Separate Is Never Equal—Sylvia Mendez & Her Family’s Fight for Desegregation, by Duncan Tonatiuh, captures the Mendez family’s efforts in helping bring an end to segregated schooling in California in 1947. This picture book creates a context for learning about an important topic and a launching point, if desired, for deeper thinking, reading, and discussion about the 14th Amendment, segregation in the 1940’s and 1950’s, Mexican-Puerto Rican heritage, and the Mendez family’s contributions to history.
Toys! Amazing Stories Behind Some Great Inventions, by Don Wulffson, is packed with short texts that give readers new insights behind some of the greatest toys ever invented. When readers learn that Silly Putty was invented by mistake and that Play-Doh was originally sold as Magic Wallpaper Cleaner, it will leave them wanting to read further and know more.
Out of Wonder: Poems Celebrating Poets, by Kwame Alexander, Chris Colderley and Marjory Wentworth, celebrates the unique styles and voices of poets. Each section of this book is filled with short poems that invite readers to think and connect to words in new ways. Additionally, readers can go a step further by reading bios about each poet being celebrated at the end of the book.
Eye to Eye: How Animals See the World, by Steve Jenkins, is a favorite to be read over and over again. Start at the beginning of this short text or jump into the page that seems most interesting—either approach will make readers think about what they already know about certain animals and how animals see the world around them. It’s hard not to want to read more when you learn that a panther chameleon can look in two directions at once, watching for prey so that it can eat dinner while also on the lookout for danger. This book leaves readers with wonderings about some amazing animals in the world and creates a reason for reading more!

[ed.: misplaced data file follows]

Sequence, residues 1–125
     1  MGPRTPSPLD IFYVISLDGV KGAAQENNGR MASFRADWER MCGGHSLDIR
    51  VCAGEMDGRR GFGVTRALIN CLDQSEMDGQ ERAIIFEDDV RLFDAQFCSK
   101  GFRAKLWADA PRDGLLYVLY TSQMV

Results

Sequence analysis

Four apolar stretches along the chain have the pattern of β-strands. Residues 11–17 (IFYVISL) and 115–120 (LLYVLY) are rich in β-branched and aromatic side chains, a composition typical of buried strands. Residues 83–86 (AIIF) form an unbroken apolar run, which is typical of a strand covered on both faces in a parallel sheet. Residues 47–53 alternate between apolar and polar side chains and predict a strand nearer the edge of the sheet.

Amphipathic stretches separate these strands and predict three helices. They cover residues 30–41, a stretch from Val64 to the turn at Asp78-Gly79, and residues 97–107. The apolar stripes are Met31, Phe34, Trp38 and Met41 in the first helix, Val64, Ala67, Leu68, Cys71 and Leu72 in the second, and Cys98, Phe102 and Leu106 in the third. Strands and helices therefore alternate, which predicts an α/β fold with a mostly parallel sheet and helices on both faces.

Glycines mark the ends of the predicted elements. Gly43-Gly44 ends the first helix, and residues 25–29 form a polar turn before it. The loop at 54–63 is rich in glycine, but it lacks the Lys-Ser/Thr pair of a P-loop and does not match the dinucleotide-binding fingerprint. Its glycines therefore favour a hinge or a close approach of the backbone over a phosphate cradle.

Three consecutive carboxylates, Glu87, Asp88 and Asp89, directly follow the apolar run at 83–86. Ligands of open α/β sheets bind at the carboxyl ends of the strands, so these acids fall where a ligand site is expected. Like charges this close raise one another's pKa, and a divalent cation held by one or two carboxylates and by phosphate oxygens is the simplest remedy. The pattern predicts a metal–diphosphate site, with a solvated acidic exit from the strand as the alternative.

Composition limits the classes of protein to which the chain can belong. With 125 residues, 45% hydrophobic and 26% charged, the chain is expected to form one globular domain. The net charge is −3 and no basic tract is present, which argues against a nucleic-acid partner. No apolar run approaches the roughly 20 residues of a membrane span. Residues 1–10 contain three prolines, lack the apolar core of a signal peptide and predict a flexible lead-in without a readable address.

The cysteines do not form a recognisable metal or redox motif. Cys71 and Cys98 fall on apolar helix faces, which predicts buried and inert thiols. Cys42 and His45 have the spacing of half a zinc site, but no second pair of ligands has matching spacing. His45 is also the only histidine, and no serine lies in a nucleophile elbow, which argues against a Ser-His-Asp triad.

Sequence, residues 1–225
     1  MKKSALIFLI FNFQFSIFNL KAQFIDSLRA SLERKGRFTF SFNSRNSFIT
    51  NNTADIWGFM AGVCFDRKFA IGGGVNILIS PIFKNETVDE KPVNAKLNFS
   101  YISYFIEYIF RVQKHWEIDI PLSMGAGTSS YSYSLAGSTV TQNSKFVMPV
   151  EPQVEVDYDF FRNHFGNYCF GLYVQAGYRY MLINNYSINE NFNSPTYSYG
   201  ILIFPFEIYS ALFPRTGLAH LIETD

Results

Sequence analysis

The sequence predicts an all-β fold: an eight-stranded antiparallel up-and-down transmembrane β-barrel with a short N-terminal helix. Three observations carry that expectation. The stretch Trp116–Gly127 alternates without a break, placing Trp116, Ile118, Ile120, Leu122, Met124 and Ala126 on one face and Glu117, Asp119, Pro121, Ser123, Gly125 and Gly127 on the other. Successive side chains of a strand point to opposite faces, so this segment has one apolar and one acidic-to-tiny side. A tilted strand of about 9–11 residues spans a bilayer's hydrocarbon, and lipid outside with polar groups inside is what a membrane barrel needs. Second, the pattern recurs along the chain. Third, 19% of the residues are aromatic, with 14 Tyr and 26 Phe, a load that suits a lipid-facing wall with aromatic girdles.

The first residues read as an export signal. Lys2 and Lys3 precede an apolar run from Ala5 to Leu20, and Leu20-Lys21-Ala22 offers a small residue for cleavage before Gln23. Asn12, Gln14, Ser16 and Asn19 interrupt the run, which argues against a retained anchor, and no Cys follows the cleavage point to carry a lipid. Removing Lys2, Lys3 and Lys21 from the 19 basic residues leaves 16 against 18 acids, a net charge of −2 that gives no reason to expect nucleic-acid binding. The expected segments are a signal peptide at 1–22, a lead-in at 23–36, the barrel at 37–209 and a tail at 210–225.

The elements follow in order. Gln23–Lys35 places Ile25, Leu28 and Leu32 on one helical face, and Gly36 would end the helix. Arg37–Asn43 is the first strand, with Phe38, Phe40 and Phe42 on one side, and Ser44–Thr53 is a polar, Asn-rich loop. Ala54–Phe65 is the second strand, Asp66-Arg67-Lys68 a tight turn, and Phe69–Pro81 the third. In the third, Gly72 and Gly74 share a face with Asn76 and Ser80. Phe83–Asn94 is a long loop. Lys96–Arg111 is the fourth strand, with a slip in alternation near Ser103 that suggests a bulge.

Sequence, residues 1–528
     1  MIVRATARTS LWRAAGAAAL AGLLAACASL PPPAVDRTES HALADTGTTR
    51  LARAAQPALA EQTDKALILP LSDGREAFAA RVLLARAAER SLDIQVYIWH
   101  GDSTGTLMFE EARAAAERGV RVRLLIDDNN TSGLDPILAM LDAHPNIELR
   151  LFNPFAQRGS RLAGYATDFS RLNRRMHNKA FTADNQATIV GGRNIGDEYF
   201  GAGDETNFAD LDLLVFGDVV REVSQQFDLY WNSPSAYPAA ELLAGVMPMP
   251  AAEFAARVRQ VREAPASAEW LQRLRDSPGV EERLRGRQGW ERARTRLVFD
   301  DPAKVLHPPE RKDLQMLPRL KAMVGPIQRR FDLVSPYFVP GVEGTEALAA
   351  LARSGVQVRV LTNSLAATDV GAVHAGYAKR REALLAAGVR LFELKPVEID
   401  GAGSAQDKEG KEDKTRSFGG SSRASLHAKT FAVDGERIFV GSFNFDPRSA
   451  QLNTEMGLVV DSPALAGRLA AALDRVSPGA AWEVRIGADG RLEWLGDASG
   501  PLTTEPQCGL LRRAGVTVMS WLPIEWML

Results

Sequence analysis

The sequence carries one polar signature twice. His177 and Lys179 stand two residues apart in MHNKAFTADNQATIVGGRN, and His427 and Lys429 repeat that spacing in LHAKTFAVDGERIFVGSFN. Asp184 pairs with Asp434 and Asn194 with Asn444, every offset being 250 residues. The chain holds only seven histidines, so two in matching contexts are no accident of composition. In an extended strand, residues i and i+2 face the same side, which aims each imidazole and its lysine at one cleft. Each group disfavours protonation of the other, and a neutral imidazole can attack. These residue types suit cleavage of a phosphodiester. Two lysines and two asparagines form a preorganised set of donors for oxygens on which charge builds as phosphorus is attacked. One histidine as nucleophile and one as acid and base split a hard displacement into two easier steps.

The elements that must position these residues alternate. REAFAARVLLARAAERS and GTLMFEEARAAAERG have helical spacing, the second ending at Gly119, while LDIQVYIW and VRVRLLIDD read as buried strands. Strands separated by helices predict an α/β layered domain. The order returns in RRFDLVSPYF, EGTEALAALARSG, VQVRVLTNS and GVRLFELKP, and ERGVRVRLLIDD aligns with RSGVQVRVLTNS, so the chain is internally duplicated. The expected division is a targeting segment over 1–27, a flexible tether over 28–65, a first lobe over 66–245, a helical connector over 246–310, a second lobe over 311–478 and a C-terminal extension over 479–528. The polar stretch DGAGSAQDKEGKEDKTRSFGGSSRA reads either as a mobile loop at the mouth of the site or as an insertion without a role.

A Graphic History of Sport: An Illustrated Chronicle of the Greatest Wins, Misses, and Matchups from the Games We Love, by Andrew Janik, immediately captures your attention because of the basketball texture on the front cover. The simple graphics and short texts that span these two-page spreads keep the reader turning pages, and the book is packed with interesting and unusual facts about sports history.
The short story Eleven is one of many great stories included in Woman Hollering Creek, by Sandra Cisneros. This is a perfect resource to use when pairing texts for students to read together. For example, Eleven pairs nicely with any of the short stories included in Johanna Hurwitz’s book Birthday Surprises: Ten Great Stories to Unwrap, in which students can explore short stories about birthdays.
Or pair Eleven with Tuesday of the Other June, by Norma Fox Mazer, in which students can explore standing up and using their voices. Reading several short stories with a common thread gives students multiple opportunities to make connections across texts and read for deeper meaning.
Bits. (2009, December 9). The American Diet: 34 Gigabytes a Day [Blog Post]. Retrieved from https://bits.blogs.nytimes.com/2009/12/09/the-american-diet-34-gigabytes-a-day/
Julie Wright is an educational consultant and instructional coach. She is the coauthor of What Are You Grouping For?, Grades 3-8: How to Guide Small Groups Based on Readers—Not the Book (Corwin, 2019.) She is currently working on a new book focused on the power of using short texts, to be released later this year by Benchmark Education. Reach Julie at www.juliewrightconsulting.com or on Twitter @juliewright4444